Beirut residents fled out into the streets to help after the enormous explosion that took place on 4 August. “The chaos is indescribable. Everybody in shock,” says Nagham Souki, programme coordinator for Norwegian People’s Aid.
Text: Sissel Fantoft
2750 tonnes of ammonium nitrate exploded at the port in Beirut. At present 157 people have been declared dead, more than 5000 are missing and several hundred thousand are homeless. The explosion was so powerful that it could be felt in Cyprus, more than 200 kilometres away, according to AP.
The windows and doors of the building where the Norwegian People’s Aid offices are located were blown out, even though it is several kilometres away from the scene of the explosion. All Norwegian People’s Aid staff in Lebanon are still working from home on account of the coronavirus situation, so nobody was on the premises on Tuesday afternoon. Nagham Souki lives in the Lebanon Mountains, 25 minutes’ drive from Beirut, and was at home with her family when the explosion occurred.
“I thought it was an earthquake. My mother, who grew up during the civil war, had a panic attack because she thought war had broken out,” explains Souki.
Building collapse fears
The dust had barely settled following the explosion before people took to the streets in order to help out with the aid effort.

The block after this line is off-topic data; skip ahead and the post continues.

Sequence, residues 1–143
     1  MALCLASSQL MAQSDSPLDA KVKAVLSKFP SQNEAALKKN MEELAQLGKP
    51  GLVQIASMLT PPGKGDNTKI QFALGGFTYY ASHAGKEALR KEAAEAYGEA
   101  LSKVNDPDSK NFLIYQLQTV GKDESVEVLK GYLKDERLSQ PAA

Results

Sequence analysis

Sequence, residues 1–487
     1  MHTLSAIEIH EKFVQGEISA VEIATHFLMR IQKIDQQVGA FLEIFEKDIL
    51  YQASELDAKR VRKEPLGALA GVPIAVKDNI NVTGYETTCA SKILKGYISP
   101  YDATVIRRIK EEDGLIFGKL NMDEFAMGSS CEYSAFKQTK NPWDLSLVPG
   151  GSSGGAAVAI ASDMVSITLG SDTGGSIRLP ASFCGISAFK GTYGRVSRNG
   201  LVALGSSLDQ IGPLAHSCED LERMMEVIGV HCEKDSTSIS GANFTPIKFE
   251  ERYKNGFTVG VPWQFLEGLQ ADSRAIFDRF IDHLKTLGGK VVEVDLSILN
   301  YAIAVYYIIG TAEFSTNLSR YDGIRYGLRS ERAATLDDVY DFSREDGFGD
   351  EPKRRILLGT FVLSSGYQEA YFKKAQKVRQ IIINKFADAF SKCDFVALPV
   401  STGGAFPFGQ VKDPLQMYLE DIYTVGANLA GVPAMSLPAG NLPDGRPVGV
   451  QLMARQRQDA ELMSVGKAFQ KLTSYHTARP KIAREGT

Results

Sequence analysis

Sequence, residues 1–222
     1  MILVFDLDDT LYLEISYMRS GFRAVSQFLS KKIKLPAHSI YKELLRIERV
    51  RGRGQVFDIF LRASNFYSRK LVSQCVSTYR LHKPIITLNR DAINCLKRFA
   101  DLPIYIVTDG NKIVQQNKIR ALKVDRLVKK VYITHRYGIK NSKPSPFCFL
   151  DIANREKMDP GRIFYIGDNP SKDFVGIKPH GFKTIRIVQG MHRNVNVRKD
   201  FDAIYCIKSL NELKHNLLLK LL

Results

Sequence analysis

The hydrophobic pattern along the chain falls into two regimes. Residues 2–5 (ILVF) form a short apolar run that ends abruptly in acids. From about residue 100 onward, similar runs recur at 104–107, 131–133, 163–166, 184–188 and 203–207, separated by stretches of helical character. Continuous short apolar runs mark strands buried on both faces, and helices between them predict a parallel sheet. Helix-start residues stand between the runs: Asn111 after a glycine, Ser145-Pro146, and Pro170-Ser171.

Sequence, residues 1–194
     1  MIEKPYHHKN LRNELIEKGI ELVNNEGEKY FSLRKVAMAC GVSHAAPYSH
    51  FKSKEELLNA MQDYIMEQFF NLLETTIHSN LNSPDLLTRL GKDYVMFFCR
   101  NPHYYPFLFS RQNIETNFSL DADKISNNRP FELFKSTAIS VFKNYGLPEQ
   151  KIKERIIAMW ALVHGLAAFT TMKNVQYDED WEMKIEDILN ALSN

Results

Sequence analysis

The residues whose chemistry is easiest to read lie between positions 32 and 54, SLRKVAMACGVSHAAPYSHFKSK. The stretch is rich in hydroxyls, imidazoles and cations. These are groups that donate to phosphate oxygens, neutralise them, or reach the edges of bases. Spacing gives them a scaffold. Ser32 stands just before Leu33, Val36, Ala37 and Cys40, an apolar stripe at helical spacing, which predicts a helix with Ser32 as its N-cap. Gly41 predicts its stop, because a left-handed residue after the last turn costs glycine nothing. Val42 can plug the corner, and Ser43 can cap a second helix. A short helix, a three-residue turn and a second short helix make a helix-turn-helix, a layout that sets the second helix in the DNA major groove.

“People of all nationalities are searching for survivors or carrying the injured and dead out of buildings. Local residents, local groups and representatives of NGOs have all hit the pause button on their lives. They are getting organised into small teams and trying to do whatever they can. Everyone is in shock and is moving around the streets quietly,” says Souki.
“There are collapsed buildings everywhere, and the streets are covered in shards of glass. This scene is absolutely indescribable, complete chaos. It looks as though war has raged here for a decade,” she adds.
Warnings have been issued to let people know that a number of buildings are at risk of collapse.
“Everybody is worried about that now. The infrastructure in the area affected was already weak, and many of the buildings are several storeys high and have no lifts. Residents are trying to get in so that they can collect some of their belongings, but the situation is dangerous. Many of them are asking people on the street to help them empty their homes before the buildings collapse,” says Souki.
Living a nightmare